Now after we saw and understood the default pipeline, lets add two networks (net1 and net2 with subnets and and connect them with a router.

The following diagram shows the network topology in Openstack UI

After we finished the configuration, we can re-check the flows table, for simplicity i only paste the new added flows, all the above flows remains the same

 1.cookie=0x0, duration=3063.423s, table=0, n_packets=0, n_bytes=0, priority=1000,in_port=8 actions=NORMAL
 2.cookie=0x0, duration=3063.423s, table=0, n_packets=0, n_bytes=0, priority=1000,in_port=7 actions=NORMAL
 3.cookie=0x0, duration=3063.422s, table=51, n_packets=0, n_bytes=0, send_flow_rem priority=100,arp,metadata=0x1f42,arp_tpa=,arp_op=1 actions=set_field:2->arp_op,move:NXM_NX_ARP_SHA[]->NXM_NX_ARP_THA[],move:NXM_OF_ARP_SPA[]->NXM_OF_ARP_TPA[],set_field:fa:16:3e:c0:8d:8b->eth_src,set_field:fa:16:3e:c0:8d:8b->arp_sha,set_field:>arp_spa,IN_PORT
 4.cookie=0x0, duration=3063.423s, table=51, n_packets=0, n_bytes=0, send_flow_rem priority=100,arp,metadata=0x1f43,arp_tpa=,arp_op=1 actions=set_field:2->arp_op,move:NXM_NX_ARP_SHA[]->NXM_NX_ARP_THA[],move:NXM_OF_ARP_SPA[]->NXM_OF_ARP_TPA[],set_field:fa:16:3e:c5:02:4d->eth_src,set_field:fa:16:3e:c5:02:4d->arp_sha,set_field:>arp_spa,IN_PORT
 5.cookie=0x0, duration=3063.423s, table=52, n_packets=0, n_bytes=0, priority=20,ip,metadata=0x1f43,nw_dst= actions=CONTROLLER:65535
 6.cookie=0x0, duration=3063.421s, table=52, n_packets=0, n_bytes=0, priority=30,ip,metadata=0x1f42,nw_dst= actions=NORMAL
 7.cookie=0x0, duration=3063.423s, table=52, n_packets=0, n_bytes=0, priority=20,ip,metadata=0x1f42,nw_dst= actions=CONTROLLER:65535
 8.cookie=0x0, duration=3063.423s, table=52, n_packets=0, n_bytes=0, priority=30,ip,metadata=0x1f43,nw_dst= actions=NORMAL

Table 0

We can see that two more input ports are matched and output to the NORMAL path (flows 1,2) these are the DHCP ports, one for each of the new networks (remember we are showing a single node devstack setup)

Table 51

We can see two new flows in table 51, these are the two ARP responders for each of the networks router interfaces. These flows were configured when we connected the networks to router interfaces (Remember that every ARP request is forwarded to this table after the default pipeline is installed)

These flows match ARP requests for the router interfaces IP’s ( and for network 1 and network 2 and construct and return an ARP reply with their virtual MAC addresses

Table 52

This table implements our distributed virtual L3 router, if we look closely at the flows we can see two type of flows.

One type is matching the metadata and destination ip subnet and its action is to output the traffic to the NORMAL pipeline.

What these flows do is detect an inner network communication (L2 traffic), remember that each VM port is first marked with a metadata that indicate the network that this VM belongs to (more specifically the segmentation id of this network). The network destination field in these flows matches the local subnet (or subnets in case of more than one).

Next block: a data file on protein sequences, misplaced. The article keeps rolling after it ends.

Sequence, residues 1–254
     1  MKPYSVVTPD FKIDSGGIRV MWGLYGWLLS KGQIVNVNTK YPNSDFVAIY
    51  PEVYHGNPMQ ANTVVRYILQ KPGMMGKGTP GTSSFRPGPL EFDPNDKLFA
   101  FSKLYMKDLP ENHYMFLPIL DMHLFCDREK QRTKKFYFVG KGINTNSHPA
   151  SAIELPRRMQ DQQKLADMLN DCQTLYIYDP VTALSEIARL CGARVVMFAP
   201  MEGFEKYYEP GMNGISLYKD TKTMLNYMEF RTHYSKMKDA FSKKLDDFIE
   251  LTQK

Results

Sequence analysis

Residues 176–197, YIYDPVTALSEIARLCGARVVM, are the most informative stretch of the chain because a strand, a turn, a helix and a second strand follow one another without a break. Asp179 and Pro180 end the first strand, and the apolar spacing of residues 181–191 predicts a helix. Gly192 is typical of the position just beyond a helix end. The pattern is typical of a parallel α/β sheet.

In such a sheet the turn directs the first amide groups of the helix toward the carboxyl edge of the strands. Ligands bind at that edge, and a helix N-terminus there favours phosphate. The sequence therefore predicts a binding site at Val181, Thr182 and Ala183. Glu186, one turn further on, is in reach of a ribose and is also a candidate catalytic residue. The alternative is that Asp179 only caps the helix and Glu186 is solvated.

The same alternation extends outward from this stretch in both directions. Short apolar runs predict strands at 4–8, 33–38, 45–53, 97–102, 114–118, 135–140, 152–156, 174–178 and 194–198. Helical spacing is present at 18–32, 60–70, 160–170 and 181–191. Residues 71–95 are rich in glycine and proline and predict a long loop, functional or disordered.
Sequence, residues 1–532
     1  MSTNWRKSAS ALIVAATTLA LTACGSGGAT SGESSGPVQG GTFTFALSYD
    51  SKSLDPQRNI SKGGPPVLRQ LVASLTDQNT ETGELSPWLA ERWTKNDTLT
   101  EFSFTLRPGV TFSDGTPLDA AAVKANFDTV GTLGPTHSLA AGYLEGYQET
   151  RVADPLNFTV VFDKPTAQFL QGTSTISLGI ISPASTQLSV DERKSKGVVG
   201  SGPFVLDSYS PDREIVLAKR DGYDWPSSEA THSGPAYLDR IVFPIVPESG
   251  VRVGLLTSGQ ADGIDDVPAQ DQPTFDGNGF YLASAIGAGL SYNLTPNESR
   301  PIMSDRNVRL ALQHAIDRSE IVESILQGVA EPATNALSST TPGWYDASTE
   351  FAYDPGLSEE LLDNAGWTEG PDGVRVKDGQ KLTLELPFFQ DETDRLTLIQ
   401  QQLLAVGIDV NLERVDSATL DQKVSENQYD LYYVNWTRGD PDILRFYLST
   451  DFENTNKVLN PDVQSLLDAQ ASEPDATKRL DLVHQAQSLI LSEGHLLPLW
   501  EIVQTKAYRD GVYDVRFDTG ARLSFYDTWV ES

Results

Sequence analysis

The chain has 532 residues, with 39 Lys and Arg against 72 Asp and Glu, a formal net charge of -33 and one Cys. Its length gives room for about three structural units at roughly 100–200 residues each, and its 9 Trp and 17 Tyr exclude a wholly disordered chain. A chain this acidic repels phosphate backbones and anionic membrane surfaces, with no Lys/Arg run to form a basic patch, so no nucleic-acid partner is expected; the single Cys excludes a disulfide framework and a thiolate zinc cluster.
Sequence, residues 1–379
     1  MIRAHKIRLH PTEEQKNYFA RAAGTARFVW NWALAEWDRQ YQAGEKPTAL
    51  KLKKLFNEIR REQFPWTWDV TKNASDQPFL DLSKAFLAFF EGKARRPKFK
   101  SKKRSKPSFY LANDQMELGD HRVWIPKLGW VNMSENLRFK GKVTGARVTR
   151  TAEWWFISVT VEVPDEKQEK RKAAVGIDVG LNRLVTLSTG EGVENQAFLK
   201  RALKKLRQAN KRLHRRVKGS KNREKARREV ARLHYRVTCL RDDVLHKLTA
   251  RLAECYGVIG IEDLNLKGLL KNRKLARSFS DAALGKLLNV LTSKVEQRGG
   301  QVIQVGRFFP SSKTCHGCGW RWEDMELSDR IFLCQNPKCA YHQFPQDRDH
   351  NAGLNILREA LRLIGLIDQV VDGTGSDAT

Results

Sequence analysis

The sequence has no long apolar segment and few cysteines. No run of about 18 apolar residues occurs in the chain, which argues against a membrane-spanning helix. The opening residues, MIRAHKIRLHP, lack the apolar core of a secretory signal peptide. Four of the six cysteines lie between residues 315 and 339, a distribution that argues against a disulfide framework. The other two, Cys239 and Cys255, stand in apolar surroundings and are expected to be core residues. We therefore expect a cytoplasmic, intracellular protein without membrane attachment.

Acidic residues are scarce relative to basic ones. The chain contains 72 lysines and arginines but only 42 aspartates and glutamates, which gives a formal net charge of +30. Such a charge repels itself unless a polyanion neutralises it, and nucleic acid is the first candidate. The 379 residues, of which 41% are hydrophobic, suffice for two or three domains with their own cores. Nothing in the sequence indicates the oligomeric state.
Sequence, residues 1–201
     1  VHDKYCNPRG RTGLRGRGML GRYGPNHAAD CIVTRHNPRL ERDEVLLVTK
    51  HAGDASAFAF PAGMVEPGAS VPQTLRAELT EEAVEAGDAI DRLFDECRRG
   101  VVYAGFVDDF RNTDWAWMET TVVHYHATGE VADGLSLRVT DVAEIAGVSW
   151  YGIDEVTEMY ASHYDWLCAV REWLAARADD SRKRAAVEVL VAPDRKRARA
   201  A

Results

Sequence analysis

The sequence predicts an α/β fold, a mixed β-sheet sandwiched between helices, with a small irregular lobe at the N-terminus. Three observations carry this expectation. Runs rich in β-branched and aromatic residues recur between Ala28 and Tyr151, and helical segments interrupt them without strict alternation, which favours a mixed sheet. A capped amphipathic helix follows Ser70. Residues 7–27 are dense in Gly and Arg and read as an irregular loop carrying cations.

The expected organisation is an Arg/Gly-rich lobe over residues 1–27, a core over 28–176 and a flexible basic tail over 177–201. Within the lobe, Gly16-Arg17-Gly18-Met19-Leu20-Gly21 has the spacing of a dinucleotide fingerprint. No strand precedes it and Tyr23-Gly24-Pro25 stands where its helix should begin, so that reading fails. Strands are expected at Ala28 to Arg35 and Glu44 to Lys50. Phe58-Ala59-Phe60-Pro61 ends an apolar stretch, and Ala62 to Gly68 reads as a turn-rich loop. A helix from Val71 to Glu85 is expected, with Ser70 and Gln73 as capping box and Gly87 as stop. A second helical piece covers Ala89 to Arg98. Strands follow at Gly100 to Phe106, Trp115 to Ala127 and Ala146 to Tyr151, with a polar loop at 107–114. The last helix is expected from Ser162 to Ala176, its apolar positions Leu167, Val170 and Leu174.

If we take flow 8 for example, it means that the network with segmentation id 0x1f43 (network 2) has the subnet configured. Dragonflow output the traffic to the NORMAL pipeline, however in the future it could also handle it in its own L2 specific flows.

We see that we have two flows of this kind, one for each network.

The other type of flows can be seen in flows 5 and 7. They look the same as the other type, matching on metadata and on network destination but their action is to send the traffic to the controller (running on the network node).

These flows detect east-west traffic between networks (L3 traffic), remember that the network with segmentation id 0x1f43 had the subnet (we saw that in the previous type of flows which matched L2 traffic).

if we look closely at flow 5, this flow matches segmentation_id (metadata) 0x1f43 (network 2) and the network destination (network 1). This means that this flow matches any traffic going from network 2 to network 1 (L3 Traffic) and sends the first packet to the controller. (We have the other direction configured as well (flow 7) from network 1 to network 2)

The controller installs for each compute node all the possible L3 combination pairs for east-west traffic, in the next post we will see that detecting all possible east-west traffic is important in order to understand what is the north-south traffic.

Its important to understand that this is not yet optimized, we install all these flows even without any VM on the compute node. An optimization task that we have in our backlog is to only send the relevant flows to each compute node depending on the different VMs on this compute node and the networks they are attached to. (Another optimization is to only add subnets that the networks in the compute node has route to)


In this post we saw the basic default pipeline install and what happens after we add two networks and connect them with a router. All the flows in this case were installed in a proactive model, meaning as soon as the configuration is applied.

In the next post we will add two VM’s one at each network and try to ping between them, we will be able to see the reactive mode as first packet reaches the controller.

Another topic is how SNAT/DNAT works in this model, we will see that too in the next posts, so stay tuned …